1. Fluctuating Tinnitus: In some individuals with TMJ disorders, the intensity and quality of their tinnitus might fluctuate. This change could correlate with the degree of their TMJ symptoms. For instance, the tinnitus might worsen during times of high stress, when TMJ symptoms like jaw clenching and teeth grinding are more likely to increase.
  2. Somatosensory Tinnitus: This is a type of tinnitus where the intensity or pitch of the tinnitus changes when the person moves their neck, jaw, or eyes. This can occur with TMJ disorders, as the movement of the jaw might affect the intensity or frequency of the tinnitus. For instance, a person might notice that their tinnitus gets louder when they clench their jaw or move it in certain ways.
  3. Correlation with other TMJ Symptoms: Tinnitus linked to TMJ disorders often correlates with other TMJ symptoms. This could include pain in the jaw joint, difficulty chewing, a clicking or popping sound in the jaw, headaches, and even neck pain. These symptoms might appear together, and changes in one (like an increase in jaw pain) might lead to changes in another (like an increase in tinnitus).
  4. Relief with TMJ Treatment: Another characteristic of tinnitus related to TMJ disorders is that the tinnitus often improves when the TMJ disorder is treated. For example, if a person uses a bite appliance to correct a misaligned jaw or stop teeth grinding – common contributors to TMJ disorders – they might notice their tinnitus symptoms decrease.

Can TMJ Cause Tinnitus In One Ear?

Yes, TMJ (temporomandibular joint) disorders can potentially cause tinnitus in one ear. When the TMJ is not functioning correctly, it can create changes in the surrounding muscles, ligaments, and nerves, impacting the auditory system. This can result in tinnitus that is perceived predominantly in one ear. The exact mechanism by which TMJ disorders contribute to tinnitus is not fully understood, but several theories have been proposed.

One theory suggests that the chewing muscles, which are close to other muscles that insert into the middle ear, can influence hearing and trigger tinnitus when not functioning correctly. Another theory suggests a direct connection between the ligaments attached to the jaw and one of the hearing bones (ossicles) in the middle ear. These ligaments can impact tinnitus perception if they become strained, sprained, or inflamed. Furthermore, the nerve supply from the TMJ has been found to connect with the parts of the brain involved in hearing and interpreting sound. Any disruptions or abnormalities in this neural pathway can contribute to developing tinnitus symptoms.

It’s important to note that not everyone with TMJ disorders will experience tinnitus, and the relationship between TMJ disorders and tinnitus is not fully established. Tinnitus can have various causes, and it’s essential to consult with a healthcare professional to assess your specific symptoms and determine the appropriate diagnosis and treatment plan.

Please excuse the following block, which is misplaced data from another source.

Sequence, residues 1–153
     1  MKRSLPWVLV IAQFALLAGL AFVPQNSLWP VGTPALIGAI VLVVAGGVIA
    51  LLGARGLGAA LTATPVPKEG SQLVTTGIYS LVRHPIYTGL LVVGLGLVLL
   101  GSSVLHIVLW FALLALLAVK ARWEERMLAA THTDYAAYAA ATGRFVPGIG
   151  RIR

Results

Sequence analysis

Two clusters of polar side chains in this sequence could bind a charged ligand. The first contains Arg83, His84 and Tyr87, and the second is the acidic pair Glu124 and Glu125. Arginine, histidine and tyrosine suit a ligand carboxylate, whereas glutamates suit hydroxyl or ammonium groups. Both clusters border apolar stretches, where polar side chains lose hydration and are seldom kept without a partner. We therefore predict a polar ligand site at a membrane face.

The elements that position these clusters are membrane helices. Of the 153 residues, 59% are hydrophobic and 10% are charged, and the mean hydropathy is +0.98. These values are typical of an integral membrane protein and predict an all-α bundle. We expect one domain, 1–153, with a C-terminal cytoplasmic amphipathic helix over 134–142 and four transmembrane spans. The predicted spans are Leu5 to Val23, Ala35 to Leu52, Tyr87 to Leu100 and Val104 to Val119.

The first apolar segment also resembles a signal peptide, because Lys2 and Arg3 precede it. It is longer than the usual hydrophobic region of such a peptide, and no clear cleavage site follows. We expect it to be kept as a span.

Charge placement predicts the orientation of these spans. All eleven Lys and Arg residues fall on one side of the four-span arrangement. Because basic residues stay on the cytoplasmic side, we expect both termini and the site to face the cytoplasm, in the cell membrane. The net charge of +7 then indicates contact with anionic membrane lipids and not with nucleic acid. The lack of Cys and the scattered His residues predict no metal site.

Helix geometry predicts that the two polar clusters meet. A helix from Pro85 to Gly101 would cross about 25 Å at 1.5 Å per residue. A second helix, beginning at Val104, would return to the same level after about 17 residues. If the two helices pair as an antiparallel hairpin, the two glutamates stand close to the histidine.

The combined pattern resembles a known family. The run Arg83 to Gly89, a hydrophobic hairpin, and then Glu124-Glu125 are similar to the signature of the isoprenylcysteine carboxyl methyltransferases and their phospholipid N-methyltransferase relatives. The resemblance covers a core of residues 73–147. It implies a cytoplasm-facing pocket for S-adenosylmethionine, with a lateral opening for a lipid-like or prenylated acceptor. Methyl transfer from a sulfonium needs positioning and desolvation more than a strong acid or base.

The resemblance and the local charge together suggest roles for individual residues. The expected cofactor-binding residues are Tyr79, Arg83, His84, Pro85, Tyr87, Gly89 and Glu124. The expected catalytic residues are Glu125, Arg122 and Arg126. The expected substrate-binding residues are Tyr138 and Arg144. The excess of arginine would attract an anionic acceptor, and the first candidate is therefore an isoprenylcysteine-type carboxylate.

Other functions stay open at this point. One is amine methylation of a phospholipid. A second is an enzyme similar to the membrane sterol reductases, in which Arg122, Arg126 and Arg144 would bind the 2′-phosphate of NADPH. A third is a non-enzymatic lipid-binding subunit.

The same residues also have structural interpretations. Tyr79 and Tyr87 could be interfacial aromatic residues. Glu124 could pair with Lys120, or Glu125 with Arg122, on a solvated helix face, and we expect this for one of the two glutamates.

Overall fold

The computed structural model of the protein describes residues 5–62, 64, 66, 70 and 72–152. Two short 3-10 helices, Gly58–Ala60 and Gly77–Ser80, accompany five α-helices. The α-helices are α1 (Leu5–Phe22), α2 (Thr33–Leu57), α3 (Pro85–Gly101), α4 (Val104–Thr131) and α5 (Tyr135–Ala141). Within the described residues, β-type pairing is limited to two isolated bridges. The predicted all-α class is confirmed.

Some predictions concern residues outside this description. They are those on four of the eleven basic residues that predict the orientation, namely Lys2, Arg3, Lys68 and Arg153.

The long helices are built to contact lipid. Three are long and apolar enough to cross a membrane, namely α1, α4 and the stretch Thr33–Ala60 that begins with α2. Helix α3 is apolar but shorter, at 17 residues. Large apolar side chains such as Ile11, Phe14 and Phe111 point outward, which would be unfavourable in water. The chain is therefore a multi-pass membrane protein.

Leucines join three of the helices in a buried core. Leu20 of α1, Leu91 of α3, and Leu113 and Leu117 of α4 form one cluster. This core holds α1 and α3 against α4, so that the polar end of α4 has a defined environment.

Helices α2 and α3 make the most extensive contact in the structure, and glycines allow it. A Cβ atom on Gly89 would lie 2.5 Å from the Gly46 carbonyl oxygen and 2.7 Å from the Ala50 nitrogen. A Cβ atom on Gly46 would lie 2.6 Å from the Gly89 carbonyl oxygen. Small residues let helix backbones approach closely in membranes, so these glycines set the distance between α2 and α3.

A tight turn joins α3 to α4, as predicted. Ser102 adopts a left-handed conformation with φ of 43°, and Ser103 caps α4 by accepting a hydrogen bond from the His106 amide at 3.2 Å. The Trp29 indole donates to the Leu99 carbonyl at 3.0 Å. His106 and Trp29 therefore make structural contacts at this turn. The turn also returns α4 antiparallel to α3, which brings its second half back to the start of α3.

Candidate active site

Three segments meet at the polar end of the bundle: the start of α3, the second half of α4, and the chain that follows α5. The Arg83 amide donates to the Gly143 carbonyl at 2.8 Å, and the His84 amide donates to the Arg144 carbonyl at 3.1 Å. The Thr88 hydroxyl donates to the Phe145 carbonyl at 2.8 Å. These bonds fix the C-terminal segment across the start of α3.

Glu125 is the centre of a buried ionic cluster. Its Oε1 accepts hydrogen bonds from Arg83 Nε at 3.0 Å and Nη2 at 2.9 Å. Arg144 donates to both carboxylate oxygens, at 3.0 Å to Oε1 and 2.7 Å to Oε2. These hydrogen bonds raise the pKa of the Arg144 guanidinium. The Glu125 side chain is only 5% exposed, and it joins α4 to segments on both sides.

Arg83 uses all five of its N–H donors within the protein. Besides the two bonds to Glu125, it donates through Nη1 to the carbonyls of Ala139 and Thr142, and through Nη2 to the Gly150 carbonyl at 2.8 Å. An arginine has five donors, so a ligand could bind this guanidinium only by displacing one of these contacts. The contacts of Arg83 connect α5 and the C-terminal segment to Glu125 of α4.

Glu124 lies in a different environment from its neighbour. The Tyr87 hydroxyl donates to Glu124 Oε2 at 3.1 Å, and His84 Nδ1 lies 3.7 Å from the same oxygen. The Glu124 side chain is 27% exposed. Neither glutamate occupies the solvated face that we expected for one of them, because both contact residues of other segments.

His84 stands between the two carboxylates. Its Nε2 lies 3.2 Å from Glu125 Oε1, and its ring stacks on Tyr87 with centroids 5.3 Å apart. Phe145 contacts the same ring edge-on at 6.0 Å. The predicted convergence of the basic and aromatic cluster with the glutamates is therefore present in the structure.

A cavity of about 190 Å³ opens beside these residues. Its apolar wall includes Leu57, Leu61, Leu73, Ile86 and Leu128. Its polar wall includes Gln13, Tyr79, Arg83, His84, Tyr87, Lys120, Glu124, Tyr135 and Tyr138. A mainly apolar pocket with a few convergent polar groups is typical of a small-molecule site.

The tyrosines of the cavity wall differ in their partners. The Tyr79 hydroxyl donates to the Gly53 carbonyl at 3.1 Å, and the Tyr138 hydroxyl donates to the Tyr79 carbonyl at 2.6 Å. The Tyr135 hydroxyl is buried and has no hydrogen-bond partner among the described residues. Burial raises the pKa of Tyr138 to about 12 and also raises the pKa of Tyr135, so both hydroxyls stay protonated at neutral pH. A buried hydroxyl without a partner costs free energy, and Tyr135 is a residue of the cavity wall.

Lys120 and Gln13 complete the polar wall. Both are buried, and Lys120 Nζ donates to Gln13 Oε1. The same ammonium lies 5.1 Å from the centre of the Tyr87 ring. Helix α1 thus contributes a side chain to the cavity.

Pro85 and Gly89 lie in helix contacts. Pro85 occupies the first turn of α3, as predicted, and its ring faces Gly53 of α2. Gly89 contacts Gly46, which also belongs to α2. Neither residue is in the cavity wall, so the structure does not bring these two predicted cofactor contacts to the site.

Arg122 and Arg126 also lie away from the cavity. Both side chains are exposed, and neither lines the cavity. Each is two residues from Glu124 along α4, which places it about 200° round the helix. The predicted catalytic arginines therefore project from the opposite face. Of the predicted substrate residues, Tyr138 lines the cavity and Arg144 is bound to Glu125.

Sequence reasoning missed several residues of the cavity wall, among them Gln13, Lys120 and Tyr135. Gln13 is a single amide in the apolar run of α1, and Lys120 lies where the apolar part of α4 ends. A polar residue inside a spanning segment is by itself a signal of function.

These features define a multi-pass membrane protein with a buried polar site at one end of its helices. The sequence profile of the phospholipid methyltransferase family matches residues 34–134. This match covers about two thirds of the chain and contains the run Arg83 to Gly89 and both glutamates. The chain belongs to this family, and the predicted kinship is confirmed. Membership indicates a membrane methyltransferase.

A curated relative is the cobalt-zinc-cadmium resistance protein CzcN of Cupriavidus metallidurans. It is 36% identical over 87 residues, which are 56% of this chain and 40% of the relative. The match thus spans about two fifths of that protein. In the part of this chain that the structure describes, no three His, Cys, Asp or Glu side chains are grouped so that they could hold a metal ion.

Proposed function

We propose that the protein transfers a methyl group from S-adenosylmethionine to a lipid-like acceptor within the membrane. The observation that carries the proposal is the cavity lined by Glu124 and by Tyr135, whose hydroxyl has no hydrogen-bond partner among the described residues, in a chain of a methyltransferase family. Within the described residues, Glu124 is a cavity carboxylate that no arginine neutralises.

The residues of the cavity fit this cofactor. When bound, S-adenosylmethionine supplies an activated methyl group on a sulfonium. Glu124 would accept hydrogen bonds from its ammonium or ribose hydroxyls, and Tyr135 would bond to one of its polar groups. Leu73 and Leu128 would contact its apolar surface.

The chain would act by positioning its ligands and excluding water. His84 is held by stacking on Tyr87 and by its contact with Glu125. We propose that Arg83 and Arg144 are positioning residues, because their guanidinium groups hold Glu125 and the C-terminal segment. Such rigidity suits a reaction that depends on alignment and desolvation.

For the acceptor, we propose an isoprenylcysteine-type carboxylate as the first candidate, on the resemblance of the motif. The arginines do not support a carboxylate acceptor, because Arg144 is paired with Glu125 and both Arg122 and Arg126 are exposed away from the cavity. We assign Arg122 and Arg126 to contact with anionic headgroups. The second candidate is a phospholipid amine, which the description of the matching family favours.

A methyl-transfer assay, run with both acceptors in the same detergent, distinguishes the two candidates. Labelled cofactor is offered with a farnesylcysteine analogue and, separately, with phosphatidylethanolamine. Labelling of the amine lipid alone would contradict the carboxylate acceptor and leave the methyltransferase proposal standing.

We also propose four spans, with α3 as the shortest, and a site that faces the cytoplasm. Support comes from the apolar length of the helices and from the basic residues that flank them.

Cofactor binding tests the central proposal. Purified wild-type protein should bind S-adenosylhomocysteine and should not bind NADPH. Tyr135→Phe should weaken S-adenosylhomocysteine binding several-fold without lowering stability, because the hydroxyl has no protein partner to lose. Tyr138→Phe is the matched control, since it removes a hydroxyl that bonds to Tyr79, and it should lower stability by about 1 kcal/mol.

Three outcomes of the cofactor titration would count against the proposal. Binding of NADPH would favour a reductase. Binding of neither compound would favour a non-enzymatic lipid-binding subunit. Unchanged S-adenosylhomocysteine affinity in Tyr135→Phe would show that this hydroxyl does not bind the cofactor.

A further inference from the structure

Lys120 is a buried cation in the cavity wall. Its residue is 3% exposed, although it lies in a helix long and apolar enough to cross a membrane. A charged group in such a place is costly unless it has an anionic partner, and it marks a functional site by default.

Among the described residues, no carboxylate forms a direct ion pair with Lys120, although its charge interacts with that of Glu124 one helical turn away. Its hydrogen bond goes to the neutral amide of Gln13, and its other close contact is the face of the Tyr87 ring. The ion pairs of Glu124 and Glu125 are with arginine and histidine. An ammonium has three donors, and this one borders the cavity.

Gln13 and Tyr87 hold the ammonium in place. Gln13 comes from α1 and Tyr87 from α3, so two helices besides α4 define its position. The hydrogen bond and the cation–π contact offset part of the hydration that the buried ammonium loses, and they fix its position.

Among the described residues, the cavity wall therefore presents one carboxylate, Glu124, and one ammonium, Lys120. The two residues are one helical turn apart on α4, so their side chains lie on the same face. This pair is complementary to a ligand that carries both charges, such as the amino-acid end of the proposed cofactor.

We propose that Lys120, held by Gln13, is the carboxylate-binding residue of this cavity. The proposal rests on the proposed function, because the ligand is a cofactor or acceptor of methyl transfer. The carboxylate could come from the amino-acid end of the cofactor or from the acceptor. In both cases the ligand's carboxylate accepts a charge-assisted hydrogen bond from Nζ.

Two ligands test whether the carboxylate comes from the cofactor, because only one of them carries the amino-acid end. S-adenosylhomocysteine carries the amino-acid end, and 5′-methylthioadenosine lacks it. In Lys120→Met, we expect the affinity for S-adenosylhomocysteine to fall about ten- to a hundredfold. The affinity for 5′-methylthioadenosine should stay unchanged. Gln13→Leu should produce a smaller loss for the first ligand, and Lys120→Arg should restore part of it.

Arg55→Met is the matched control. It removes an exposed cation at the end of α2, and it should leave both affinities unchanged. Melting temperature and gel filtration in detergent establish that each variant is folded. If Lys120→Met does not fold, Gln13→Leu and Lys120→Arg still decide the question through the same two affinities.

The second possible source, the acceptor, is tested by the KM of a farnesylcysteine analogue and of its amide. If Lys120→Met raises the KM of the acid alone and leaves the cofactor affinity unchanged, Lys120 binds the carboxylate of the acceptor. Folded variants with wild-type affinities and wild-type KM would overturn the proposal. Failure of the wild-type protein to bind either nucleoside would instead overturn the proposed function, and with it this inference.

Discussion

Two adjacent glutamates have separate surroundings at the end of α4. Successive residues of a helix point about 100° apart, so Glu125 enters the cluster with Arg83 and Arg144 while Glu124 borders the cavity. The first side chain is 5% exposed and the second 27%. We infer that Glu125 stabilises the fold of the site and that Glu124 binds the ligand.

Why Does TMJ Cause Tinnitus?

The exact mechanism by which TMJ (temporomandibular joint) disorders can cause tinnitus is not fully understood. However, there are several theories that attempt to explain the potential relationship between TMJ and tinnitus:

  1. Muscle Dysfunction: TMJ disorders often involve dysfunction or imbalance in the muscles that control jaw movement. These muscles are located near the ear structures and are connected to the temporomandibular joint. It is possible that abnormalities or tension in these muscles can affect the auditory system and contribute to tinnitus.
  2. Eustachian Tube Dysfunction: The Eustachian tubes, which connect the middle ear to the back of the throat, play a role in equalizing air pressure and draining fluids from the middle ear. Dysfunction in the TMJ can potentially impact the function of the Eustachian tubes, leading to changes in pressure or fluid accumulation in the middle ear. These changes can affect the perception of sound and potentially contribute to tinnitus.
  3. Nerve Pathway Interactions: The nerves that supply the TMJ have connections with areas of the brain involved in both hearing and the interpretation of sound. Disruptions or abnormalities in this neural pathway due to TMJ disorders may influence the perception of tinnitus. The exact mechanisms of how these interactions occur and contribute to tinnitus are still being studied.

It’s important to note that not all individuals with TMJ disorders. Tinnitus can have various causes, including other underlying medical conditions, noise exposure, and age-related hearing loss. If you are experiencing tinnitus or TMJ-related symptoms, it is recommended to consult with a healthcare professional who can evaluate your specific condition and provide appropriate diagnosis and treatment options.

How to diagnose TMJ

Diagnosing TMJ (temporomandibular joint) disorders typically involves a comprehensive evaluation by a healthcare professional, such as a dentist, oral and maxillofacial surgeon, or a specialist in orofacial pain. The diagnosis process may include the following steps:

  1. Medical History: The healthcare professional will start by gathering information about your medical history, including any symptoms you are experiencing, the duration of the symptoms, and any previous injuries or treatments related to your jaw or facial region. They may also inquire about your oral habits, such as teeth grinding or clenching.
  2. Physical Examination: The healthcare professional may palpate the jaw joint to identify areas of tenderness or discomfort. He will listen for clicking or popping sounds during jaw movement and evaluate your jaw’s range of motion. They may also examine your bite and observe any signs of misalignment.